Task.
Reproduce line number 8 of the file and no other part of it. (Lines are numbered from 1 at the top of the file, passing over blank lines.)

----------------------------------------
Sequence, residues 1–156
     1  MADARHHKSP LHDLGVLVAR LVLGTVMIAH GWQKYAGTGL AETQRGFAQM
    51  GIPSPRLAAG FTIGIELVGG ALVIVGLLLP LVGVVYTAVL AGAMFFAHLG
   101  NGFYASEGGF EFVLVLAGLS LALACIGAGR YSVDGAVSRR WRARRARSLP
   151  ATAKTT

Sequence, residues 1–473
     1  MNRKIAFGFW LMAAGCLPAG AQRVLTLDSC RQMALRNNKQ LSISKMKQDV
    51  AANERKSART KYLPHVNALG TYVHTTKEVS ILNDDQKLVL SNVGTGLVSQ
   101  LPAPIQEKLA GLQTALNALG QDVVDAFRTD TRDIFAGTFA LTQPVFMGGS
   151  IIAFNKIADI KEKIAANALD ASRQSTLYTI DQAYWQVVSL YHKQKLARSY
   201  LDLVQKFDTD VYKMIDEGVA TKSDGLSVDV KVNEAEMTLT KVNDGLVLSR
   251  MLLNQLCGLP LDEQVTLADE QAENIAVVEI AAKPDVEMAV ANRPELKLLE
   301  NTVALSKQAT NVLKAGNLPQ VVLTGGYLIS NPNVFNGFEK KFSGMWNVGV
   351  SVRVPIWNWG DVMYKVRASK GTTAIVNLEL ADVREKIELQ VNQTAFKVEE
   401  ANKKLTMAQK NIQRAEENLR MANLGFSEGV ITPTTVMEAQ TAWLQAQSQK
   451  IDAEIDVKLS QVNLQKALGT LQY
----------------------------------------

    51  AANERKSART KYLPHVNALG TYVHTTKEVS ILNDDQKLVL SNVGTGLVSQ